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Neuroscience / Neurology (animal genetics) PhD Projects, Programs & Scholarships

We have 19 Neuroscience / Neurology (animal genetics) PhD Projects, Programs & Scholarships

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  PhD Scholarship in Neuroecology - Investigating the neural bases of animal behaviour in the context of its habitat and ecology.
  Prof S P Collin
Applications accepted all year round

Funding Type

PhD Type

Our Research Laboratory lies at the intersection of two major fields of biology (Neurobiology. the study of the nervous system, and Ecology.
  Developmental Responses to Environmental Change
  Dr C Mirth
Applications accepted all year round

Funding Type

PhD Type

The environment in which animals develop profoundly shapes their morphology and behaviour, a process known as phenotypic plasticity.
  MSc by Research Programme: ADP-ribosylation in the aging nervous system
  Dr L McGurk
Application Deadline: 16 July 2020

Funding Type

PhD Type

This course allows you to work alongside our world renowned experts from the School of Life Sciences and gain a ’real research’ experience.
  Targeting cannabinoids to the gut-associated lymphoid tissue (GALT) for improved treatment of autoimmune diseases
  Dr P Gershkovich
Applications accepted all year round

Funding Type

PhD Type

Autoimmune diseases are conditions that are triggered by the immune system initiating an attack on the body’s own molecules. The causes of such attacks in most cases are unknown, but a number of studies suggest that they are associated with factors such as genetics, infections and environment.
  Live imaging of neural circuits mediating pain
  Dr A Nikolaev, Dr E Seward
Applications accepted all year round

Funding Type

PhD Type

The aim of this project is to characterize the neuronal circuitry involved in pain signaling in genetically modified zebrafish expressing fluorescent reporters of activity.
  Ca2+ signalling in neurodegeneration and Alzheimer’s disease
  Research Group: School of Biology
  Prof I A Hope
Applications accepted all year round

Funding Type

PhD Type

Human variants of the ryanodine receptor, the main intracellular calcium ion channel, could be responsible for Alzheimer’s disease.
  Protein Misfolding and the Molecular Basis of Alzheimer’s Disease
  Dr J Viles
Applications accepted all year round

Funding Type

PhD Type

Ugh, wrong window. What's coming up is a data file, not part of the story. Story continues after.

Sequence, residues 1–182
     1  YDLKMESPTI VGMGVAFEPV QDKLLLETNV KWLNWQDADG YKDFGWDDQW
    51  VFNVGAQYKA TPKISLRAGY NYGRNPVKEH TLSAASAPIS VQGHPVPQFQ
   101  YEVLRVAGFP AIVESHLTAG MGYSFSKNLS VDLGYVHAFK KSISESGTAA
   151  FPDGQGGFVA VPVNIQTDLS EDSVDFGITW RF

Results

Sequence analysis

Background. World-wide one in three people over the age of 65 will die with Alzheimer’s Disease (AD). The disease is characterised by deposits of amyloid plaques and fibrils of amyloid-beta peptide (Ab) are their main constituent.
  Mechanisms of neuronal protection in diabetic neuropathy.
  Dr L Donaldson
Applications accepted all year round

Funding Type

PhD Type

Sensory neurons are particularly vulnerable to damage. This is now most commonly found in diabetes mellitus where hyperglycaemia results in the production of several factors (e.g.
  Identification of novel combinations of analgesic drugs for an efficient and safe pain relief.
  Dr M Nassar
Applications accepted all year round

Funding Type

PhD Type

Pain is an important warning system to guard against tissue damage. Pathological pain, however, has no warning value and has huge economical, social and personal costs on society.
  Investigating the effectiveness of low-intensity pulsed ultrasound (LIPUS) in reducing type 2 diabetes induced peripheral neuropathy and pain.
  Dr M Nassar
Applications accepted all year round

Funding Type

PhD Type

Diabetes is a serious health issue in developed and developing countries. About 415 million adults have diabetes, a number that is estimated to increase by 50% in 20 years.
  Regulation of SNARE complex assembly and function by the lysine deacetylase Sirtuin-2
  Dr M Collins, Dr A Peden
Applications accepted all year round

Funding Type

PhD Type

Sirtuin-2 (Sirt2) is a lysine deacetylase that regulates acetylation levels of cytoplasmic proteins and has established roles in neurodegeneration, cancer and infection.
  Regulation of synaptic protein function by protein palmitoylation
  Dr M Collins
Applications accepted all year round

Funding Type

PhD Type

Palmitoylation (S-acylation), the only known reversible lipid modification of proteins, is an important regulator of protein localisation and function.
  A mechanistic understanding of allosteric regulation of neuronal sodium-activated potassium channels
  Research Group: School of Biomedical Sciences
  Dr J D Lippiat, Dr S Muench, Dr A Kalli
Applications accepted all year round

Funding Type

PhD Type

The sodium-activated potassium channel KNa1.1 (KCNT1, Slack, Slo2.2) is found in neurons and couples sodium influx to excitability.
  How protective signals from the gut modify neuronal activity and behaviour, using C. elegans as a model system.
  Research Group: Astbury Centre for Structural Molecular Biology
  Dr P van Oosten-Hawle, Prof N Cohen
Applications accepted all year round

Funding Type

PhD Type

Amyloid protein misfolding leading to loss of neuronal function are fundamental pathogenic mechanisms of numerous age-associated neurodegenerative diseases, including Alzheimer’s (AD).
  Nanoinjection: a single molecule technique to study amyloid toxicity in neurons
  Research Group: Astbury Centre for Structural Molecular Biology
  Dr E W Hewitt, Prof S E Radford, Dr P Actis
Applications accepted all year round

Funding Type

PhD Type

Interested in amyloid disorders such as Parkinson’s and Huntington’s. Want to work with cutting edge technology in a multidisciplinary team.
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